When you finish CNA training and begin working in a health care facility, helping your team, and receiving help from other CNAs is common. In fact, there are some circumstances where you can’t possibly complete your duties without help from another person. Some nights you may be extremely busy and may need a CNA from another hall to catch a few of your call lights; other times you may need assistance transferring a patient into bed who isn’t very steady on his feet.
This is normal, and it’s all part of the job. But, after CNA training, it is important to avoid taking this “teamwork” too far, as your co-workers may begin to think you are lazy, unintelligent, and taking advantage of them. How do you know how far is too far? Let’s take a look at a few scenarios.
Taking Teamwork Too Far After CNA Training
You’ve just finished CNA training, and are working in a nursing home. After a long day of caring for your patients, you need to obtain vital signs for each one of them. With one particular patient, you are having trouble obtaining a blood pressure. After trying several times, you can’t seem to get one, and you ask for help.
Your View: You haven’t had much practice obtaining blood pressures, and aren’t confident in your abilities after CNA training.
Your Team’s View: You aren’t used to the busy and hectic schedule yet, and simply want someone else to do your work for you.
What to Do: In a situation like this, you need to be honest and let them know exactly what is going on. Tell them, “It hasn’t been that long since I completed my CNA training, and I haven’t had as much experience as you taking blood pressures. Could you please show me how to take John Doe’s blood pressure; I can not seem to hear anything.”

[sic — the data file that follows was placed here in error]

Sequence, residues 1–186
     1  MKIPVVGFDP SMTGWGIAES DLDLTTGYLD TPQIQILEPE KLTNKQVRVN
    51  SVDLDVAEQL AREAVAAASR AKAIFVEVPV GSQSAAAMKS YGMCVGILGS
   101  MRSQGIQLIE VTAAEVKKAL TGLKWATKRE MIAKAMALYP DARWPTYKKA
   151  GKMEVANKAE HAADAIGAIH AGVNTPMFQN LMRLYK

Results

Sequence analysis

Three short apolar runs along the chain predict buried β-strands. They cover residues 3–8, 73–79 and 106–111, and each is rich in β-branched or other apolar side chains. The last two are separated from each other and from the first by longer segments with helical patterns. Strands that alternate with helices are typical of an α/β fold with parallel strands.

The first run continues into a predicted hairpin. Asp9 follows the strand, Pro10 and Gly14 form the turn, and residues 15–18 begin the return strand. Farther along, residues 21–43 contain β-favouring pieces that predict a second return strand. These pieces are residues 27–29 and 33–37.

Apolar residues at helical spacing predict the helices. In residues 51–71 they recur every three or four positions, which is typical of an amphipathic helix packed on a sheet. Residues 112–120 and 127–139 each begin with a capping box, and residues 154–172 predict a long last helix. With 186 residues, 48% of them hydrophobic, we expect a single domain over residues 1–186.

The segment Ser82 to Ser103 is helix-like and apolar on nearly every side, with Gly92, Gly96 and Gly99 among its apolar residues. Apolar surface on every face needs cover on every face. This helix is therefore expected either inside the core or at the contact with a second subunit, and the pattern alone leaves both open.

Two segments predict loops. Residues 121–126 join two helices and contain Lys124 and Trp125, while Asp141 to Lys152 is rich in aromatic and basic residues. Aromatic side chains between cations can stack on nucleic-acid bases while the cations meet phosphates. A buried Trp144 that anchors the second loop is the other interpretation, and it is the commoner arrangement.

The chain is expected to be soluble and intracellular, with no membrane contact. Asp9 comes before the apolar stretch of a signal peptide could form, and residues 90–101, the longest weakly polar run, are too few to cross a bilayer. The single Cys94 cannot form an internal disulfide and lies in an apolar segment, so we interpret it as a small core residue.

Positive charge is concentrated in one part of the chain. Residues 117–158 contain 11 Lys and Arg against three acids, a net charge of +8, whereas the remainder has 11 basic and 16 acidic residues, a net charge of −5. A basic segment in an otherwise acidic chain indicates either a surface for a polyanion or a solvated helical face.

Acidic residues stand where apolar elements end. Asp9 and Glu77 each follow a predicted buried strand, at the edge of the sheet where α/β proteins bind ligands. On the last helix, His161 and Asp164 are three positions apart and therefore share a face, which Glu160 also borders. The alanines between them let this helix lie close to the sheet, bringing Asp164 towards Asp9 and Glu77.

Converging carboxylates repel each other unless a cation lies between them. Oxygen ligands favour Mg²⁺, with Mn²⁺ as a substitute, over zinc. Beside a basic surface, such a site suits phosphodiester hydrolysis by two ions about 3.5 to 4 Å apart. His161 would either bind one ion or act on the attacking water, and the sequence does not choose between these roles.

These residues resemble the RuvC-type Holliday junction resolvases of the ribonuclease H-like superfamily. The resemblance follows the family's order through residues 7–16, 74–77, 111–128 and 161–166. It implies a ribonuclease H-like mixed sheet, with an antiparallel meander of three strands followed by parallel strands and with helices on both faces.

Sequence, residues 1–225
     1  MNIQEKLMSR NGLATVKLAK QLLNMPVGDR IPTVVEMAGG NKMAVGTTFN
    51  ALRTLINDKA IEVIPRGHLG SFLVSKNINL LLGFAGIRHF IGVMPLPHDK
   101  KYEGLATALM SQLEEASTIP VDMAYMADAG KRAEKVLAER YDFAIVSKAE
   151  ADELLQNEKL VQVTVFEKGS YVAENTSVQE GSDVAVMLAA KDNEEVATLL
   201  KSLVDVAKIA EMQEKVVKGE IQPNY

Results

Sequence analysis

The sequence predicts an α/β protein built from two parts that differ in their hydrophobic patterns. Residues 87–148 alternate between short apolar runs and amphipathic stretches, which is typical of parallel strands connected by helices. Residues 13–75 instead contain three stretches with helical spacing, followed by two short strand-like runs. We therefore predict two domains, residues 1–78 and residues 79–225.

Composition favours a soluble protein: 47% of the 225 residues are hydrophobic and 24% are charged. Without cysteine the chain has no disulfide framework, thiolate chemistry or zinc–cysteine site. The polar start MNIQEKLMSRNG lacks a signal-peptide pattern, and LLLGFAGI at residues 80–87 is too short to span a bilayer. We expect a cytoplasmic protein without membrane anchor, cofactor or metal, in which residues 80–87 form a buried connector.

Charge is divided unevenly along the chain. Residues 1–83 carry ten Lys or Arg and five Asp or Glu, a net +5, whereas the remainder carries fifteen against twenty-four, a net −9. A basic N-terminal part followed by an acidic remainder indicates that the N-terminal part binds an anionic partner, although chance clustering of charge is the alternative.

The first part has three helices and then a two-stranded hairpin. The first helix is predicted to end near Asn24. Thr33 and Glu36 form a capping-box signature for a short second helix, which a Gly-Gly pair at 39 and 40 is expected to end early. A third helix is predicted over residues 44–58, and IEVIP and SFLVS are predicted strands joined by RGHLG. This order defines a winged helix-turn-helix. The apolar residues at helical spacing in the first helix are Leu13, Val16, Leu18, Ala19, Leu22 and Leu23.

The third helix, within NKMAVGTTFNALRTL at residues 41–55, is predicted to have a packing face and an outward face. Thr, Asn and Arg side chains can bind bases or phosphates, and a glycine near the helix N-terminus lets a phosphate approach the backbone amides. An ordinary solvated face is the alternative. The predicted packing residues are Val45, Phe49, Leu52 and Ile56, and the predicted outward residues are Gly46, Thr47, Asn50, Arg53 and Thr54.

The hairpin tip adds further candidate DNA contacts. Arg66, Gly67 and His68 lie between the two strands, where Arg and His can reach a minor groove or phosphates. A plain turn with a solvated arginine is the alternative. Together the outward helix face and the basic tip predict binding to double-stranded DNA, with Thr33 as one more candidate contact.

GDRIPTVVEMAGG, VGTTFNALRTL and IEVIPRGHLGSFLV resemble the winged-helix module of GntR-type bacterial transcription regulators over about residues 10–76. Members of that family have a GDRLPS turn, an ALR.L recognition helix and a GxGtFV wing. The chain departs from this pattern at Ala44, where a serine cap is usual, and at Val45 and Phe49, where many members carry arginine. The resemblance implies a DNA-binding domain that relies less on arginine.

During a particularly chaotic second shift after CNA training, you’ve found yourself running all over the nursing home, helping out with the workload of all your co-workers. When you notice that one the patients your co-workers is supposed to be taking care of is still sitting in her room, waiting for help getting dressed in her nightclothes and getting in bed. You quickly find the co-worker and let her know before you rush off to care for the rest of your patients. An hour later, you are catching your breath and getting ready to clock out, when you notice the patient is still sitting in the same spot, and your co-workers has already clocked out and gone home for the night.
Your View: Why cause drama?
Your Team’s View: If you don’t take care of the problem by letting management know, the same problem will happen again.
What to do: You need to remember that you began CNA training to care for patients, and that mentality hasn’t changed. Although it may be hard, you need to tell your supervisor exactly what is going on so your patients can receive better care. Many CNAs try to avoid drama, and would just go in and take care of the patient themselves; You need to think about two things though before you do this. The first is that if you take care of the patient, you will be encouraging the other CNA to continue the bad behavior. The second thing you need to consider is your facility’s policy for overtime; you were about to clock out, which means your shift was over. In most facilities, overtime is only acceptable after CNA training if it has been approved. For the approval, you will need to speak to the nursing supervisor anyway, or risk disciplinary action or termination from your job after CNA training.
CNA Training and Taking Advantage of Your Team
As you can see in these two scenarios, the difference in the way teamwork is used is significant. In the first, you simply need more experience after CNA training, and asking for help is understandable and encouraged. In the second however, you can clearly see that the second CNA is taking advantage of the team by heading home before all of her patients were cared for. Make sure you know the difference and are able to understand how far is too far when it comes to teamwork after CNA training.